Blind and partially sighted people access information in a range of ways.

Just under half of visually impaired people, around 43%, report that they read standard print, either with or without the aid of a magnifier.

What patrons say …

“I always miss the described shows because I never know they’re on until it’s too late.”

Printed material

Existing theatregoers are the target group most likely to give you a good return on your investment of energy, time and money. We need to persuade them to tell their visually impaired friends and family all about audio description. We also want to get our message across to people who used to attend but don’t any more because their own sight loss means the quality of the theatre experience they have has deteriorated.

The best place to get your message across is in the season brochure. We know that people don’t usually read the booking information pages in season brochures (otherwise they wouldn’t ask box office staff the questions they do). So we need to put information that explains the benefits of audio described performances in the main pages of the brochure. It’s a good idea to make sure that information on this page is accessible.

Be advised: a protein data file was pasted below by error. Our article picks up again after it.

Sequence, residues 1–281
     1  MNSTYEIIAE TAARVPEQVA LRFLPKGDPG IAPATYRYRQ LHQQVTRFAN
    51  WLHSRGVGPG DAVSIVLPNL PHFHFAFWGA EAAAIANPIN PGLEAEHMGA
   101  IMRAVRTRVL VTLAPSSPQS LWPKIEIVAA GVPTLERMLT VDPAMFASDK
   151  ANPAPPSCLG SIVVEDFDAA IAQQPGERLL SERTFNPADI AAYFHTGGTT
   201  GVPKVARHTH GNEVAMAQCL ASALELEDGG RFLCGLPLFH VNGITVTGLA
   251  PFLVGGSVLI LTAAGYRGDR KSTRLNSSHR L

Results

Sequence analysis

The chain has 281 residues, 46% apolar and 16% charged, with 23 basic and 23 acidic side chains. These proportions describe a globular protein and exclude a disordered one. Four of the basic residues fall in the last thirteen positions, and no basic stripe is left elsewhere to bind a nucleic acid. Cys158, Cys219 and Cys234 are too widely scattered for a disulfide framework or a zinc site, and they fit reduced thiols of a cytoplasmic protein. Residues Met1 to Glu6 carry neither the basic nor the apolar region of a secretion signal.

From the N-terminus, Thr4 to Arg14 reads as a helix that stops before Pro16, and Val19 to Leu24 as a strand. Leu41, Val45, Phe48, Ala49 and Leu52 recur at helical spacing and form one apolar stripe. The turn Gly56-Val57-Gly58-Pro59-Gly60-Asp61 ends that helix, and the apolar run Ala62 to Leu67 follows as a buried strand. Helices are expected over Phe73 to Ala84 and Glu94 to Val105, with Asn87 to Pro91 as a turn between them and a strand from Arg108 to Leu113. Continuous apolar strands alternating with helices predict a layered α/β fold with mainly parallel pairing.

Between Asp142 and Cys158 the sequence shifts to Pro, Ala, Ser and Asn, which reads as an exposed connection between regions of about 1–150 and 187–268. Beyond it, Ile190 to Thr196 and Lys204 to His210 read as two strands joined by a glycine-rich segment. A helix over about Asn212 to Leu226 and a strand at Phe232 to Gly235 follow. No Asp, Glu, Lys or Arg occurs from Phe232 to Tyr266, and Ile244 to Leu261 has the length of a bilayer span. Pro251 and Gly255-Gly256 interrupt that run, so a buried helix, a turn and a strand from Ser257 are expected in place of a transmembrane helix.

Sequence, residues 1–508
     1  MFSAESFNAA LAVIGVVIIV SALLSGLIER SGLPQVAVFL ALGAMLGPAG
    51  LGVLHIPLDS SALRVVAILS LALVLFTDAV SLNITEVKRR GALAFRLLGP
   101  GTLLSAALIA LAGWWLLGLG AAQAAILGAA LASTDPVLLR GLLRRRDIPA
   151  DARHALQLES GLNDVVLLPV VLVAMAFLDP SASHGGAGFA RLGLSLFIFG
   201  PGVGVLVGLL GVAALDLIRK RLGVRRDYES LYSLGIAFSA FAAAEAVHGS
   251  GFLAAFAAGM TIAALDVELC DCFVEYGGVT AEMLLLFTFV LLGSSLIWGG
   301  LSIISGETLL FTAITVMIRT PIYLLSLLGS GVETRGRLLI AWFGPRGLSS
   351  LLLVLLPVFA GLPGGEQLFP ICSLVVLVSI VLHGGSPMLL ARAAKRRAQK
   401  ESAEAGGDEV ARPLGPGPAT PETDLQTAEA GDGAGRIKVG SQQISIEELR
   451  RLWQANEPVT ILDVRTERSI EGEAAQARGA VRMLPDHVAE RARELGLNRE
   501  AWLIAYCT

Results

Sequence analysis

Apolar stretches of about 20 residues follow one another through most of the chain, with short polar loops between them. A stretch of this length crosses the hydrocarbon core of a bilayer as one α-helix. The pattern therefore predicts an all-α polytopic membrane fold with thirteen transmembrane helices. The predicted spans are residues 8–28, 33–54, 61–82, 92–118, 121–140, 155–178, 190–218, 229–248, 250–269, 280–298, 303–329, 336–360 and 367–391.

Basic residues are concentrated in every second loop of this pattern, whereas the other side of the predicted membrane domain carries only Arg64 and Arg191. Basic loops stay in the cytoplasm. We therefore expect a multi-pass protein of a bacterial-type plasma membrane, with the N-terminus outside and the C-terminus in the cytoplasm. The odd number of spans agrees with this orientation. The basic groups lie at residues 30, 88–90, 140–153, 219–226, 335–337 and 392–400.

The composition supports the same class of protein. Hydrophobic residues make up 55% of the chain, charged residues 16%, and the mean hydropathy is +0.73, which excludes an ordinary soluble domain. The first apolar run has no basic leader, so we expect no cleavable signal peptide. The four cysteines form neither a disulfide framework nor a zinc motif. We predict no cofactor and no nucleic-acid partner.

What you can do …

• 14pt Arial in black (as in the RNIB’s guidelines).

Arial typeface with a tick icon

• Avoid italics and large sections of CAPITALISED TEXT– use bold for emphasis.

Italic and Capitalised type with cross icons and bold type with a tick icon.

• Simple, high contrasting colours like black on white or yellow.

Black text on white and yellow backgrounds with a tick icon

• Avoid red on white or two bright colours like yellow and red together.

Red text on white and yellow text on red with a cross icon.

• Avoid pale colours and tints.

Examples of pale text with a cross icon

• Don’t put images behind text.

An image of a theatre bar with text over the top and a cross icon

• Avoid gloss finishes.

Text with a glossy effect and a cross icon

Leave a Comment